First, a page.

Dividing the profile into non-overlapping segments can result in new pseudo-fluctuation errors due to discontinuities in the polynomial fit at the split data junction points, resulting in distortions in the scale exponent estimates. We use the overlap moving window algorithm to overcome the problem of data segmentation discontinuity and provide better statistics for shorter time scales. First, the moving window size for the time series with N observations is determined. Second, the step size for each forward movement is determined. Therefore, the number of movement times is calculated by subtracting the moving window size from the total length of the time series data (Zhang et al. 2019; Gorjão et al. 2022).

Empirical findings

We use the MF-DFA to calculate aggregate and sectoral market efficiency based on the degree of multifractality and the size of the multifractal spectrum. A higher level of multifractality indicates stronger multifractality, implying a decline in market efficiency in the relevant sector.

First, we use the Lee-Strazcich unit root test with two structural breaks to determine whether the so-called variables are stationary. Table 2 displays the results. The null hypothesis of non-stationarity is rejected for all return series, according to Table 2. The breaking dates correspond to the bankruptcy of Lehman Brothers and the appearance of the first COVID-19 cases. The series’ nonlinear structure is then tested. As a result, for the so-called return series, we employ the Teraesvirta, White, Keenan, Tsay, and likelihood ratio tests. Table 3 summarizes the results. According to Table 3, the null hypothesis of linearity is rejected for all series. In other words, their structure is nonlinear.

Table 2 Lee–Strazicich unit root test
Table 3 Nonlinearity test

Table 4 shows the results of the long-memory and asymmetric unit root tests. According to long memory tests conducted by Geweke and Porter-Hudack (1983) and Robinson and Henry (1999), d values for all variables for both the GFC and COVID-19 periods are between 0 and 0.5. This result shows that all returns have long memory. When the statistics of the KSS (2003) nonlinear unit root test, which is based on the ESTAR process, are examined, we determined that all return series are globally stationary ESTAR processes at the 5% level.

Table 4 The results of long memory and nonlinear unit root tests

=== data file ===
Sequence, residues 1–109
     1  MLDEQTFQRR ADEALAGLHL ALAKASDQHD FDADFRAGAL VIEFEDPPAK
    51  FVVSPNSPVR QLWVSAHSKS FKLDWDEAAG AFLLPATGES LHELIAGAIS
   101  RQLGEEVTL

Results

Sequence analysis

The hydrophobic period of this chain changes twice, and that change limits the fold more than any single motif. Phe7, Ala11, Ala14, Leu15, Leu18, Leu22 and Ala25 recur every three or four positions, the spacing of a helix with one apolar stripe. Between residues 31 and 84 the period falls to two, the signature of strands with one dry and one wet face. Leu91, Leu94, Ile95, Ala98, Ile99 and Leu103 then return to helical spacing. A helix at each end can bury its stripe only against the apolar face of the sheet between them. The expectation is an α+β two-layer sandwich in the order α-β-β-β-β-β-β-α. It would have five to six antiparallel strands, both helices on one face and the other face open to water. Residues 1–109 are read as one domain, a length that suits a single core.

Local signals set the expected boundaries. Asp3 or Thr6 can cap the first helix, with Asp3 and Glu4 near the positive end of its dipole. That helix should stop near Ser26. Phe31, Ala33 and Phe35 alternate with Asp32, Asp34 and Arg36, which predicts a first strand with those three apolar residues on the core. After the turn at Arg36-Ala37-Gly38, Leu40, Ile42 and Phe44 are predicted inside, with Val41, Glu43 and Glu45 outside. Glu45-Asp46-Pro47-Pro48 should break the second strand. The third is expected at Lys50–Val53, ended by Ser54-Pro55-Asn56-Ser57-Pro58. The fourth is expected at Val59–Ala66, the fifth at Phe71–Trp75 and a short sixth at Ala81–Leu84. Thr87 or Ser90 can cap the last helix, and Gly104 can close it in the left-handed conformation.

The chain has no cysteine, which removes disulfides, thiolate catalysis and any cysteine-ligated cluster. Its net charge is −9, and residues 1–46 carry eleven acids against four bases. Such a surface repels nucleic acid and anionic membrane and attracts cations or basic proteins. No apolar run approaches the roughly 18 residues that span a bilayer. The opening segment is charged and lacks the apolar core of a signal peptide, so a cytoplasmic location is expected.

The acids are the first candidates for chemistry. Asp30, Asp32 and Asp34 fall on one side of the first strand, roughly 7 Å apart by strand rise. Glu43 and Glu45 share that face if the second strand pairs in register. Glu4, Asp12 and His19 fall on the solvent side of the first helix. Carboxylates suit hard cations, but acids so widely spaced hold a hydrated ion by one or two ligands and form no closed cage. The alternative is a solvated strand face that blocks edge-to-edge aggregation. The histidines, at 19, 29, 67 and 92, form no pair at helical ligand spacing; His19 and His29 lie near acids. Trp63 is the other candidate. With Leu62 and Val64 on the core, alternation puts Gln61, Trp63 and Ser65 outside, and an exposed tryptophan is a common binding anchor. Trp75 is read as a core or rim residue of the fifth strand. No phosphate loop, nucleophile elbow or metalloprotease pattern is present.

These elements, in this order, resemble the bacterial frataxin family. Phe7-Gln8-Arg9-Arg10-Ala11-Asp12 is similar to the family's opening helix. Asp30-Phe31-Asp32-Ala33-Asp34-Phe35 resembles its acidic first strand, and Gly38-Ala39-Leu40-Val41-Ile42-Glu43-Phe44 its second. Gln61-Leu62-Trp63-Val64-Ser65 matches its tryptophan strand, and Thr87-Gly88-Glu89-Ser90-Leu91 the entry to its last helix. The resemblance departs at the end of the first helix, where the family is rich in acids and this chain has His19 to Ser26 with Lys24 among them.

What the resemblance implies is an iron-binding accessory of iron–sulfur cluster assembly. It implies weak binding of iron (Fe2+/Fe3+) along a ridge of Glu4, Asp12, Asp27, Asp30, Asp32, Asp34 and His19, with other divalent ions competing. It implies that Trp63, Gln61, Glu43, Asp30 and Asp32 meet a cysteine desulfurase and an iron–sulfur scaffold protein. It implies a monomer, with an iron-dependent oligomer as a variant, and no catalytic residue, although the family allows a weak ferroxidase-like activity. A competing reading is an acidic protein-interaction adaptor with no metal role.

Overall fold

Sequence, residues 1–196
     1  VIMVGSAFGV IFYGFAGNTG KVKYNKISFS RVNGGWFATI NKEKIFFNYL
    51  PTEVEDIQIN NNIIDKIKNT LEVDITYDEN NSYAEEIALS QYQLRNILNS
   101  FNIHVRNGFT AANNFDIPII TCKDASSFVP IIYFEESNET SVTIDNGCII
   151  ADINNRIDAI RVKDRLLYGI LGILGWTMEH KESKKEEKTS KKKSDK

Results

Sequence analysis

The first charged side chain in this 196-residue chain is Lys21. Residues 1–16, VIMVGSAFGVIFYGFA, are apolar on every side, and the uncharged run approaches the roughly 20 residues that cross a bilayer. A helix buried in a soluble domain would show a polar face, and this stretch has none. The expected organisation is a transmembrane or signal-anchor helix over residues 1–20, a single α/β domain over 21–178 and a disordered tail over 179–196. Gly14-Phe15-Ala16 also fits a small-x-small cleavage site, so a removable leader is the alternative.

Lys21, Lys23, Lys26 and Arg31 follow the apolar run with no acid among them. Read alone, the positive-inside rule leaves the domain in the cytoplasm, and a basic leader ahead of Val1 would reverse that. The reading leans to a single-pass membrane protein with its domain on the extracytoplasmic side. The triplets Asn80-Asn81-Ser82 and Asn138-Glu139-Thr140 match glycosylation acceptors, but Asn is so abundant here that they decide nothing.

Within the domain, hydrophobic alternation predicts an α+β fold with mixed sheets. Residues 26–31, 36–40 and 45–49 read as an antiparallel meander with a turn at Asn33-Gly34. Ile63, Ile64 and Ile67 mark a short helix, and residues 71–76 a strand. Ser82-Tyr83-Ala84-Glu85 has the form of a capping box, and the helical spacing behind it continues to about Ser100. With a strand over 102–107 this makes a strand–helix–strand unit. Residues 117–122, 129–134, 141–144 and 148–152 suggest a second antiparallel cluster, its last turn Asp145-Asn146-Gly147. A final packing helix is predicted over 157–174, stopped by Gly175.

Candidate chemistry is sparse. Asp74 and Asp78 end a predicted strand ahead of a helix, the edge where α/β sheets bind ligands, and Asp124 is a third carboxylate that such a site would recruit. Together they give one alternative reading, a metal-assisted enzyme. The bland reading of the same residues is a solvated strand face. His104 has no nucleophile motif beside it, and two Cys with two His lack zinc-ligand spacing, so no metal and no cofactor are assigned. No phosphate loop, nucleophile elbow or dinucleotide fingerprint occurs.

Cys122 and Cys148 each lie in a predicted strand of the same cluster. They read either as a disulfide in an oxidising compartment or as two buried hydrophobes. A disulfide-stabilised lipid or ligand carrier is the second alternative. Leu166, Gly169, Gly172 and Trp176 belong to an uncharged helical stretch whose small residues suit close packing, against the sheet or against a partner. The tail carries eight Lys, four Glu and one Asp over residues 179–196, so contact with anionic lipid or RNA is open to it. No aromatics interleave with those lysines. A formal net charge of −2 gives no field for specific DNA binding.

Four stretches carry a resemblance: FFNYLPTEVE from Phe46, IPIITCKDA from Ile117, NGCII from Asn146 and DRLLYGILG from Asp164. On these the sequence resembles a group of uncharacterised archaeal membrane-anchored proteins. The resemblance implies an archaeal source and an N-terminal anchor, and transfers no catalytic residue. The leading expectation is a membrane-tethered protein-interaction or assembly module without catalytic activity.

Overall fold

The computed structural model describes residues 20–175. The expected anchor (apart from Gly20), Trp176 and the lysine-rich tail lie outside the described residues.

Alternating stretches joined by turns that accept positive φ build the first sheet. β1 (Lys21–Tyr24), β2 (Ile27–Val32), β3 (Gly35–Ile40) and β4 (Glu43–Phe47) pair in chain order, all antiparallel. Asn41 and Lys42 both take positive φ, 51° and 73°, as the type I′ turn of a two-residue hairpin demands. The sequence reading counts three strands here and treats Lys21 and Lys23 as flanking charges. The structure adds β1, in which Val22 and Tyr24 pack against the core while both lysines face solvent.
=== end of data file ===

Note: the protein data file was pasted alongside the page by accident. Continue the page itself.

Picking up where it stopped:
Figures 3 and 4 show the log–log plot curves of the multifractal fluctuation functions Fq(s) to s, the generalized Hurst exponents h(q), the mass exponent, and the multifractal spectra for the aggregate and sectoral indices during the GFC and COVID-19 outbreak, respectively. The log–log plot between the long scale and the order of fluctuation function represents the fractality of the aggregate and sectoral stock returns. The scaling range is important in detecting a linear structure because of restricting the lower and upper levels. As shown in Figs. 3 and 4, \(log_{2} F\left( q \right)\) increases for high values, implying the existence of scaling laws and exponents for aggregate and sectoral returns during the two crisis periods. The h(q) plots show a decremental trend, supporting the so-called returns’ multifractality. Likewise, the nonlinear relationship between τ(q) and q validates multifractality for all returns. A multifractality of a financial series can be analyzed using the singularity spectrum f(α). f(α) shows the fractal dimension of the subset of the financial series, whereas α indicates the singularity strength. A financial series with a narrower multifractal spectrum is more efficient, with less heterogeneity and market risk (Zunino et al. 2008). The right side of the spectrum between f(α) and α demonstrates the small fluctuations, whereas the left side reflects the large fluctuations. A multifractal is a multifractal spectrum of a financial series’ power law exponent. This means that the width and shape of a spectrum can alter financial series with different scales (Zhu and Zhang 2018). The small fluctuations for all returns are persistent and have a positive long memory, as seen in the spectra for the GFC and the COVID-19 outbreak periods. However; the large fluctuations tend to mean-revert and have an anti-persistent structure in the long run. During the GFC, the spectrum for RBIST, RINFORMATIONTECH, RFINANCIALS, and RSERVICES is centered at 0.6, whereas the spectrum for RTOURISM and RCHEMPETPLAS is between 0.6 and 0.7. However, RINDUSTRIAL, RMETALS and RREALESTATE have the highest spectrum, which is between 0.7 and 0.8 in the so-called period. The highest spectra means that RINDUSTRIAL, RMETALS, and RREALESTATE exhibit higher multifractal behavior and market risk. Meanwhile, RINFORMATIONTECH, RSERVICES, and RMETALS have a spectrum centered at 0.6 in the COVID-19 period, but RTOURISM has a spectrum equal to 0.7. During the same time period, RBIST, RINDUSTRIAL, RFINANCIALS, RREALESTATE, and RCHEMPETPLAS have a spectrum between 0.7 and 0.8, indicating that these sectors have greater multifractal behavior.